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Running Ruby on Rails web apps with .NET Aspire

Learn how to extend the .NET Aspire app model for Ruby on Rails web apps with insights on setup, custom resource creation, and networking tips.

The Microsoft ecosystem is not kind to Ruby developers. The Ruby SDK for Azure was retired in February 2021, and the support for Ruby in the OpenAPI client generator Kiota is extremely limited, if not unusable. However, .NET Aspire is a special case. This ambitious local development orchestrator is not tied to any specific technology, as I explained in my previous article on the inner workings of .NET Aspire. Therefore, it is possible to run Ruby on Rails web applications on it.

Please note, the source code presented in this article is subject to change, as .NET Aspire is still under development.

Update 4/11/2024: This post has been updated to reflect the latest changes in .NET Aspire preview 5.

# Prerequisites

# Developing a custom Rails resource for .NET Aspire’s app model

.NET Aspire uses an “application model”, which represents the list of resources that make up a distributed application. The two primary resource types in .NET Aspire are executables and containers. For Ruby on Rails web applications, we want to create an executable with the following command:

ruby bin/rails server

This command is used to start a Rails application and is cross-platform. Thanks to the extensibility of the .NET Aspire app model, we can define our own Rails resource, which inherits from the ExecutableResource class in .NET Aspire. Here is the complete source code for declaring a Rails application in .NET Aspire:

using Microsoft.Extensions.Hosting;

namespace Aspire.Hosting;

internal class RailsAppResource(string name, string workingDirectory)
    : ExecutableResource(name, "ruby", workingDirectory);

internal static class RailsAppExtensions
{
    public static IResourceBuilder<RailsAppResource> AddRailsApp(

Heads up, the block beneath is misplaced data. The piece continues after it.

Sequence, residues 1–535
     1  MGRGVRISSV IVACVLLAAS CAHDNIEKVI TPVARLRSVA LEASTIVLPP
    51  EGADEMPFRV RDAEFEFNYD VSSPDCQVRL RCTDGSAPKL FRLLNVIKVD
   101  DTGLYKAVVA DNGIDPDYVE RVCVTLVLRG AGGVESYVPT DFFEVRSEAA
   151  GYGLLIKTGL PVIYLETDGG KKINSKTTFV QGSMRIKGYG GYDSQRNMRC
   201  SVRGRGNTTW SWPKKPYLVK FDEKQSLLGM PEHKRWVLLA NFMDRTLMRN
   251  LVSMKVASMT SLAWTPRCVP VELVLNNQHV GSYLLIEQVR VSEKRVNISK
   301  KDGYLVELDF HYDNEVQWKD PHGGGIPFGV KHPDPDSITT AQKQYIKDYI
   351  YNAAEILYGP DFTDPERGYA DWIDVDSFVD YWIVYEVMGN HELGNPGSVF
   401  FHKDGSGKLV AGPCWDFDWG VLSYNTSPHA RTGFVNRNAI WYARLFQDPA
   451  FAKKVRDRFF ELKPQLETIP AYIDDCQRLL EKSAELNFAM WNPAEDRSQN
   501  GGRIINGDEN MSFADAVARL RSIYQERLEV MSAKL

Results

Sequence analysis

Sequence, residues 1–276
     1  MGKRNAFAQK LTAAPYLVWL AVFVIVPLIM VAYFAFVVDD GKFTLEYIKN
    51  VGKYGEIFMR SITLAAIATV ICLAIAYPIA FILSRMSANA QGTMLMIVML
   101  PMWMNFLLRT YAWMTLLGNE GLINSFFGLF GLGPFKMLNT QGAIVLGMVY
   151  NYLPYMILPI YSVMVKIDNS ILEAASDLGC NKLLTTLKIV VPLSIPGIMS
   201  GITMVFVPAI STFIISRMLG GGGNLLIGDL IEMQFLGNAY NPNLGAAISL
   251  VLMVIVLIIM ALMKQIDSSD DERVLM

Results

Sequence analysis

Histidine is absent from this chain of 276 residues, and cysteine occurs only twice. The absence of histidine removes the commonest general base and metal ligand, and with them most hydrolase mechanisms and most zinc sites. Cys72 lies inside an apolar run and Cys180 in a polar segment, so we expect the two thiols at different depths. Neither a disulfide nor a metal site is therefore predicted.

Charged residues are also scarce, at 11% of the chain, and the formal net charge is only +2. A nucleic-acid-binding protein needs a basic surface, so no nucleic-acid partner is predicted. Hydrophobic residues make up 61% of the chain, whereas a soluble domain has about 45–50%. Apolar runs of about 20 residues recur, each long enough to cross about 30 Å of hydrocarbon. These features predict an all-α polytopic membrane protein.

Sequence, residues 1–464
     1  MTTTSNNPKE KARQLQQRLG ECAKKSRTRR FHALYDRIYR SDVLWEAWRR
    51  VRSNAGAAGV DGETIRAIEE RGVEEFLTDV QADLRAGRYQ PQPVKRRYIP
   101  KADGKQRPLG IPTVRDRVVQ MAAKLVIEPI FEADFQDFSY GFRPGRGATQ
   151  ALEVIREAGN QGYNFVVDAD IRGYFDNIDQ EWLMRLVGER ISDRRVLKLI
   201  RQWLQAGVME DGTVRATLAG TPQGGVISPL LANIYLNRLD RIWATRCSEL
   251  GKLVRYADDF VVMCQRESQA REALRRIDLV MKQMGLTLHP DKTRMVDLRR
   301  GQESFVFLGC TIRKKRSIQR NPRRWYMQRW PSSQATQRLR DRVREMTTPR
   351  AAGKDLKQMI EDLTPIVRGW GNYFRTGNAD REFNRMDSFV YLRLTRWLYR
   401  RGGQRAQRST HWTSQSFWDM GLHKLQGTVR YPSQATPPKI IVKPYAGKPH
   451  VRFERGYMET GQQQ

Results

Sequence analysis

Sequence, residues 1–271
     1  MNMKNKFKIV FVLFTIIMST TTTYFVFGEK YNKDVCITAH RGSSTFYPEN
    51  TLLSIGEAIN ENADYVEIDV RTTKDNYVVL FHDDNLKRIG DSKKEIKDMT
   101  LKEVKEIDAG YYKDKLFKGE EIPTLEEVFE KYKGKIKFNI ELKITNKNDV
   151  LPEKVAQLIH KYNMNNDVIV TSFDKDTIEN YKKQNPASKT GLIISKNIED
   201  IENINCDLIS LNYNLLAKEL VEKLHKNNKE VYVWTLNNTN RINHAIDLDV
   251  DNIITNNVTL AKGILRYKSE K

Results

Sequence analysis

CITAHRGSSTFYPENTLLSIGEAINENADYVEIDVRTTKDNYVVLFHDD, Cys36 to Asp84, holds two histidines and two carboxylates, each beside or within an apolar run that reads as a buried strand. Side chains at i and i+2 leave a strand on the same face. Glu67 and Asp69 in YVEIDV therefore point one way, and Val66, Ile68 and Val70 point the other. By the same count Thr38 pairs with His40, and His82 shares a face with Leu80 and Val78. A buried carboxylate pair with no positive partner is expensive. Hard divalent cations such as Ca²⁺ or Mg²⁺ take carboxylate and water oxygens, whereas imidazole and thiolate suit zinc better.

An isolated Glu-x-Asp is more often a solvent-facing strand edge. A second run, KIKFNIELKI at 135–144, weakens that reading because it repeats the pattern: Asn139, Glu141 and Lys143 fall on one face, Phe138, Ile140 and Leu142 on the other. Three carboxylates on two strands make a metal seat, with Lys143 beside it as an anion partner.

this IDistributedApplicationBuilder builder, string name, string command, string workingDirectory, string[]? args = null)
    {
        var resource = new RailsAppResource(name, workingDirectory);

        return builder.AddResource(resource)
            .WithArgs(context =>
            {
                context.Args.Add("bin/rails");
                context.Args.Add(command);

                if (args is not null)
                {
                    foreach (var arg in args)
                    {
                        context.Args.Add(arg);
                    }
                }
            })
            .WithOtlpExporter()
            .WithEnvironment("RAILS_ENV", builder.Environment.IsDevelopment() ? "development" : "production")
            .ExcludeFromManifest();
    }
}

Let’s focus on the experience of declaring a Rails application in your Program.cs file of your .NET Aspire project:

var builder = DistributedApplication.CreateBuilder(args);

builder.AddRailsApp("myrailsapp", "server", "path/to/your/rails/app")
    .WithEndpoint(port: 3000, scheme: "http", env: "PORT");

builder.Build().Run();

# .NET Aspire preview 5 changes

  • You can now disable the Aspire proxy for a Rails app resource by specifying isProxied as false: .WithEndpoint(port: 3000, scheme: "http", env: "PORT", isProxied: false).
  • If your Rails app is using an unsecured transport (non-TLS http) protocol, you need to set the environment variable ASPIRE_ALLOW_UNSECURED_TRANSPORT to true. See Allow unsecure transport in .NET Aspire.

# References

Last updated on Apr 13, 2024 03:37 EST